All Scripture is given by inspiration of God, and is profitable for doctrine, for reproof, for correction, for instruction in righteousness, that the man of God may be complete, thoroughly equipped for every good work. - 2 Timothy 3:16-17
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Disbelief, Rebellion, and Judgment

The Hebrews depart Mt. Sinai and travel though the wilderness to Kadesh Barnea, in preparation to enter Canaan. Here, the people propose sending twelve spies into the land, and when Moses brings this to the Lord, He approves.

After forty days, they return with wonderful fruit, reporting “the land flows with milk and honey.” However, ten of them say the land cannot be taken because the people are strong, their cities are fortified, and there are giants! The people cry out against Moses and Aaron, saying, “Why has the Lord brought us to this land to fall by the sword, that our wives and children should become victims? Let us select a leader and return to Egypt.”

Faithful Spies

Moses and Aaron fall on their faces before the congregation while Joshua and Caleb tear their clothes and run through the people, begging them not to rebel against the Lord. But the mob picks up stones to kill them.

Suddenly, the glory of the Lord lights up the tabernacle, and the people are terrified. God says to Moses, “I will strike them with pestilence and disinherit them, and I will make of you a nation greater and mightier than they.” However, Moses pleads for his stiff-necked people, arguing that their enemies will say, “The Lord was not able to bring this people to the land which He swore to give them, therefore He killed them in the wilderness.”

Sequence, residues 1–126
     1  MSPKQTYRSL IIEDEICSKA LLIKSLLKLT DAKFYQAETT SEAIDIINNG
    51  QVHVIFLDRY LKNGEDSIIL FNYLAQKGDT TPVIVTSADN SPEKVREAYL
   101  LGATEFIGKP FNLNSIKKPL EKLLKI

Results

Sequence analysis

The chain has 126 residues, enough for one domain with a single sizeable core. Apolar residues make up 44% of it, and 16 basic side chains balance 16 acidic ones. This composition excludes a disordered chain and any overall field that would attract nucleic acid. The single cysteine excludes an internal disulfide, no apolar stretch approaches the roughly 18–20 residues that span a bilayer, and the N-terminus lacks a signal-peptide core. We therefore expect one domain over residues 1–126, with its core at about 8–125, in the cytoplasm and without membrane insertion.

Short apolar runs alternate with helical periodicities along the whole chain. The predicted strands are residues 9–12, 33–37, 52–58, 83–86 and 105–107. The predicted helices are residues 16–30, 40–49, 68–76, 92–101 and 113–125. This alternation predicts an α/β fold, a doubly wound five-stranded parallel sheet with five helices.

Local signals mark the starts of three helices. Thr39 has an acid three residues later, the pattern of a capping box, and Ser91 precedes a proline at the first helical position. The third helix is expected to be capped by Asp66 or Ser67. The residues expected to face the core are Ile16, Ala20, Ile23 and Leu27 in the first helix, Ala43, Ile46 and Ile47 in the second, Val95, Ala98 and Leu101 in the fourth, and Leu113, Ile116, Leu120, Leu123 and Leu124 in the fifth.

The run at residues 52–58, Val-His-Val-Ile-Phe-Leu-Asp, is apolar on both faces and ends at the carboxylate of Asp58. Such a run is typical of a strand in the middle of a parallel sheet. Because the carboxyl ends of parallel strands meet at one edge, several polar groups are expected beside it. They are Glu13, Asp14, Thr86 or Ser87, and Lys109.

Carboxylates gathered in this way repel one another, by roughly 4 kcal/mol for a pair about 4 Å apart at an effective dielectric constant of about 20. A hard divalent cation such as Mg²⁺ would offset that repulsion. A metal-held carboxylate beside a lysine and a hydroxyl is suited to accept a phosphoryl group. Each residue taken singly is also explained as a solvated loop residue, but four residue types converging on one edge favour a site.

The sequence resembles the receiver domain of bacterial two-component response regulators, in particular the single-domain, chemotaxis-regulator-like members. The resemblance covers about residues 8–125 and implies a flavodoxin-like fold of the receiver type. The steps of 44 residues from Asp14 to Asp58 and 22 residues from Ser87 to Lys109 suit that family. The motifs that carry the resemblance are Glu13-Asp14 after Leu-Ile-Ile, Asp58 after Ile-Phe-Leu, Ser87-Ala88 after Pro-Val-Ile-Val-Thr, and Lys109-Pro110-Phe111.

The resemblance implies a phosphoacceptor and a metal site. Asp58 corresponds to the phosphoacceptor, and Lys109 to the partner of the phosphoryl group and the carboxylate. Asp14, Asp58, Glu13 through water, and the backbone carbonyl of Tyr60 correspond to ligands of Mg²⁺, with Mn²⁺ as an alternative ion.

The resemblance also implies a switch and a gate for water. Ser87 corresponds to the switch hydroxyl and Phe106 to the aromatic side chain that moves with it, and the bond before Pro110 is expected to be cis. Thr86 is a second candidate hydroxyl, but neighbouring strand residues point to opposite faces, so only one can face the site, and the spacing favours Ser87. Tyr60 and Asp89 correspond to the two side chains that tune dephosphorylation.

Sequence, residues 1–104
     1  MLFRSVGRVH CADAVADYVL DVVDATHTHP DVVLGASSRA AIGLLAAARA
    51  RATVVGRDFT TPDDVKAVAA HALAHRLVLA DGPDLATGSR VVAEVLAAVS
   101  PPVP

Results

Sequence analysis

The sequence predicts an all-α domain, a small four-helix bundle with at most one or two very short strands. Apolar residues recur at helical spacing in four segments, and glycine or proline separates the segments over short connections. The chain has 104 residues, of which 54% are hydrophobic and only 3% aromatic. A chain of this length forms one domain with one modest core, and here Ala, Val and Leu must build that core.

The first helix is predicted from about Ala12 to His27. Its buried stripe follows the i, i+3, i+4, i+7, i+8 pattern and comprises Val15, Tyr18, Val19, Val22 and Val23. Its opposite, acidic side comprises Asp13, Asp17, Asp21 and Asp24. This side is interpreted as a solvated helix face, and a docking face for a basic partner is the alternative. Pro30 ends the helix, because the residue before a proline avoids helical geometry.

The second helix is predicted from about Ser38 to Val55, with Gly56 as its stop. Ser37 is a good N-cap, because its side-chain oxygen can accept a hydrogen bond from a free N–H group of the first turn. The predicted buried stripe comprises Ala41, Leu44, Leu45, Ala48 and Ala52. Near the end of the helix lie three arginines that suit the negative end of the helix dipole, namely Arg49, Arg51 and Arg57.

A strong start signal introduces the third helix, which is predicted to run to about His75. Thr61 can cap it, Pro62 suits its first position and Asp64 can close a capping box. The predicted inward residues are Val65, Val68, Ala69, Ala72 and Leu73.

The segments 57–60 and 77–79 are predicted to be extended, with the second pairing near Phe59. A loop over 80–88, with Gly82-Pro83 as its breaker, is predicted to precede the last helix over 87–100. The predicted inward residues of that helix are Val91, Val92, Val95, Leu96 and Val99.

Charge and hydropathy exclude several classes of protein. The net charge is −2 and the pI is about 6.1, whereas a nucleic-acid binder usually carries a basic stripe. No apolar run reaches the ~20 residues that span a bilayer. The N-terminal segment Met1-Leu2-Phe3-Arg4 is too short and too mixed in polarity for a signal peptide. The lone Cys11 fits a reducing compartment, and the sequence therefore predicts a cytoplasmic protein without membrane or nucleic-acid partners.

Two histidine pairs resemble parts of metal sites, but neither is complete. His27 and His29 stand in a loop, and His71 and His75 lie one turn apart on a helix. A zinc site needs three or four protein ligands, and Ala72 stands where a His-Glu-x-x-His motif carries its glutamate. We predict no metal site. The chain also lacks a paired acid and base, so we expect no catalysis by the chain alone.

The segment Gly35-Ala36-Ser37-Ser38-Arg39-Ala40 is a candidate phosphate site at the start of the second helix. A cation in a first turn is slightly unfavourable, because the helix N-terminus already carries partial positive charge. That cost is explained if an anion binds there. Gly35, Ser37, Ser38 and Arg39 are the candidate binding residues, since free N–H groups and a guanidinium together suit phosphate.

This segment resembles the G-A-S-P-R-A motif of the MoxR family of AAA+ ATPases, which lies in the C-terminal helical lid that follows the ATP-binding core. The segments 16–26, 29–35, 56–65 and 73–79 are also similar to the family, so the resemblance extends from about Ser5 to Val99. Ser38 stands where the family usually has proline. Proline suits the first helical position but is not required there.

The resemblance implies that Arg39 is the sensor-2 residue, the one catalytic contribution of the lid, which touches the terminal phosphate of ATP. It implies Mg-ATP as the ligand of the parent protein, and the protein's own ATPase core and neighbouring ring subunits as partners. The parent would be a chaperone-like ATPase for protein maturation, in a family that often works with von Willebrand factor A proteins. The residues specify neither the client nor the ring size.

God accepts Moses’ argument, instructing him to take the people back out into the wilderness. As punishment for their rebellion, all who are 20 years and older will die there, while the younger ones will enter Canaan. Because of their apostasy, the forty days of spying become forty years in the wilderness, where they will die.

The ten wicked spies die in a plague, and the people mourn deeply. The following day, they directly disobey God’s orders, and decide to enter Canaan, afterall. Moses reminds them that the Lord is not with them, and that the ark of the covenant will stay in the camp. These defiant ones go anyway, and die by the sword of the Amalekites and Canaanites.

Outright Rebellion

The rebellion is not over, but takes another twist when Korah, a Levite, conspires with Dathan, Abiram, and 250 leaders to organize a jealousy-based revolt against Aaron. They declare that everybody is holy, and therefore able to minister as priests within the tabernacle.

Moses chastises Korah and the others, commanding them to appear with their censers at the tabernacle the next day. Then he calls for Dathan and Abiram, who refuse to even see him, making him very angry! The following day, he approaches the tents of the three ringleaders, and warns the people to step away from them. He then declares that if their accusations against him and Aaron are true, they’ll die a normal death; but if not, the ground will swallow them up. Instantly, the earth opens, and then closes over them. Meanwhile, back at the tabernacle, a fire comes out from the Lord and consumes the 250 leaders who are offering incense!

The following day, the congregation accuses Moses and Aaron of killing the Lord’s people, and suddenly, the glory of the Lord reappears, and a plague begins to spread. Moses tells Aaron to grab his censer and make atonement, however, by the time he reaches the edge of the plague, 14,700 of them have died!

To settle whom God chooses as priests, Moses has each tribe leader bring a rod inscribed with their name to be placed in the tabernacle. The next day, Aaron’s rod is in full bloom and has produced ripe almonds.

There are many lessons in this story, but one is very clear: it is a terrible thing to rebel against the Lord, and when we do, we may become our own individual sin offering!

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